After years of waiting, a new series of battery-powered electric vehicles are about to go on sale in the US. Ford is preparing to launch the Mustang Mach-E. Volkswagen is working on ID.4. And last month in Ghent, Belgium, Volvo began producing the XC40 Recharge. It’s an all-electric version of the company’s popular XC40 crossover, a version that shares the drivetrain technology and Android Automotive operating system with Polestar 2.
Delivery time in the US is still a few weeks away, so proper first drive where we spend a day with a new car like we did with Polestar 2 this summer, would have to Wait a little longer. But earlier this week, I had a chance to spend some time looking at a pre-production example that Volvo gave to those of us who work as jurors for the World Car Awards. The streets of Manassas, Virginia, are my playground, and there’s no one interested in PR, just asking to bring it back in after an hour. Here’s what I learned.
From the outside, the XC40 Recharge looks a lot like any other Volvo XC40 – the easiest gift you’re considering on an all-electric version is that the front is emptied better for the system. Some of one’s bumpers rather than the open grille. From the driver’s seat, there are a few more clues. The 12.3-inch main tool screen has a different theme from the other Volvos, including an attractive new full-screen map mode. On the center stack, the infotainment screen has increased from 9 inches to 11.2 inches and although the square-based user interface looks quite similar to the Volvos running Sensus, it currently runs Android Automotive. Google’s voice recognition means it understands most of the questions you ask, and the navigation app provided by Google Maps is smart enough to know your charging status to be able to guide you through charging if need on the road.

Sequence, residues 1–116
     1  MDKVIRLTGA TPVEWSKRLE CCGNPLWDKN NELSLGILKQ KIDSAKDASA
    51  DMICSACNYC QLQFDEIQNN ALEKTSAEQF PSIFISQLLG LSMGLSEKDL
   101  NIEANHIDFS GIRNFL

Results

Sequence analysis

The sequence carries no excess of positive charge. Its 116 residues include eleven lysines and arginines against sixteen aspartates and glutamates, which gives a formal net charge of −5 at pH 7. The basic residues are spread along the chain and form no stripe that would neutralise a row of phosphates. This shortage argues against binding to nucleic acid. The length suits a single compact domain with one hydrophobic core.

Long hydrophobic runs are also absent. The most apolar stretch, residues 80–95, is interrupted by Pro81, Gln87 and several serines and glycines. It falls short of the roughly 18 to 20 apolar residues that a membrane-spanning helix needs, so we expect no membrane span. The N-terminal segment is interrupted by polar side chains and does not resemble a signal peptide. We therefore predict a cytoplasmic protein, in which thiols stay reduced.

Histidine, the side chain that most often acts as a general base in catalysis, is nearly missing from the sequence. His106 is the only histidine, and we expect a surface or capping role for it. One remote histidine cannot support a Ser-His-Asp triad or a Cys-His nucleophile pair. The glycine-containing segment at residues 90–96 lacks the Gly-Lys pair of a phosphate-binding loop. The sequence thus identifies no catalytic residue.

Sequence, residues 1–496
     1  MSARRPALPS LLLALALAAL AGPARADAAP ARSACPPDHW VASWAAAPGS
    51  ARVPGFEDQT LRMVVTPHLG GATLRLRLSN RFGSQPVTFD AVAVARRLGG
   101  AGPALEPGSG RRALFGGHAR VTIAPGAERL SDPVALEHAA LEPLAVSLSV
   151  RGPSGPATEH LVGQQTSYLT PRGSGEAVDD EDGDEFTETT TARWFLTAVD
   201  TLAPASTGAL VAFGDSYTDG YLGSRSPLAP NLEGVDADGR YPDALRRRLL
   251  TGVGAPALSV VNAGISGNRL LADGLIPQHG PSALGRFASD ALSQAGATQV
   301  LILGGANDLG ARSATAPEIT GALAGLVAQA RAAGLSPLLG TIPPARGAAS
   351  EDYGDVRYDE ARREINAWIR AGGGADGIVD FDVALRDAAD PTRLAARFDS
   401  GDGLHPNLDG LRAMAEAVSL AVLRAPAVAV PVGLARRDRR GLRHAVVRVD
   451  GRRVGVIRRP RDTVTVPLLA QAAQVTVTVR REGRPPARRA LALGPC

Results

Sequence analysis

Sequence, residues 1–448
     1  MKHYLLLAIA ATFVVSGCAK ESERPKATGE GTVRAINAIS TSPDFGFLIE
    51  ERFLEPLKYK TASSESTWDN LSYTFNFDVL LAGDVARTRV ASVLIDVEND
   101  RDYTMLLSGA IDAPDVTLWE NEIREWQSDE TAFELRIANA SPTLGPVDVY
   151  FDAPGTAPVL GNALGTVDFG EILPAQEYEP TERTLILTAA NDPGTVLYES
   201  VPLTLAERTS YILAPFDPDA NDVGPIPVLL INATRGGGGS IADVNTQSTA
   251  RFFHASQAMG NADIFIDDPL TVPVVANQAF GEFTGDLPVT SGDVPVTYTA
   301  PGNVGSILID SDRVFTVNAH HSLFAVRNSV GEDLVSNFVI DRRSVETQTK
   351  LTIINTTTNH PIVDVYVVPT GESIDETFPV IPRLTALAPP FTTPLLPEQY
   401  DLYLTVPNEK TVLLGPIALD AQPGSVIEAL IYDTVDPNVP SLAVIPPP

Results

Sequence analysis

There’s also no start button – like a Tesla Model 3 or a Volkswagen ID.4, just put it in an R or D position and drive away. Any doubts about the XC40 Recharge’s powertrain are immediately dispelled the moment you do so. Each shaft is driven by an identical 150kW (201hp), 330Nm (243lb-ft) permanent magnet AC motor unit and the battery pack can supply enough water for both units to power the unit. 300kW (402hp) total vehicle at One Time.
In fact, that’s the 660Nm (486lb-ft) of torque you actually notice, in large part due to it coming in immediately. In fact, this feels like the fastest Volvo I’ve driven, even though it’s a few hundred pounds heavier than similarly powerful plug-in hybrids from Sweden like the S60 T8 Polestar Engineered or the XC60 T8. . For bench racers, it will hit 0 to 60mph in 4.7 seconds, a few tenths slower than the closely related Polestar 2 but a second and a half faster than the petrol-powered XC40.
You can blame the battery pack for the XC40 Recharge’s 4,824lbs (2,188kg) curb weight – about 1,000lbs more than the internal combustion version. It’s a 78kWh package, 75kWh of which is usable, built in the house using LG Chem pocket cells. The official EPA approximate estimate has yet to be revealed, and for now Volvo is just saying it will be “200 miles”; According to the European WLTP test mode it has been recorded in between 249-260 miles (400-418km). But given the pre-production nature of our test car and limited time, I didn’t feel comfortable choosing the XC40 Recharge’s range efficiency.
However, I feel more comfortable describing the driving experience. There is no different drive mode, only the choice of forward (D) or reverse (R). Enabling or disabling driving mode with a pedal requires a few menu levels down in the car’s settings – if I have my car sick, I’d be able to do it the same way you can increase the brakes regenerate in the plug-in hybrid Volvos by going from D to B with the transmission selector.
Though the curb weight is a bit chunky, it drives well, and the suspension reduces the potholes I found. The low center of gravity also minimizes body roll through corners, although the upright riding posture reminds you that while the XC40 Recharge is fast, it’s not designed for run time. But for everyday life, it would be excellent. After all, we have to lose all we love about the petrol-powered XC40, then add to the level of acceleration of the 1990s supercar while simultaneously calming one’s conscience about climate change. $ 53,990 (before the $ 7,500 IRS tax credit) isn’t cheap, but I think it’s really worth it for this combination of Swedish style, crossover utility, and this electrical performance.
List of images by Jonathan Gitlin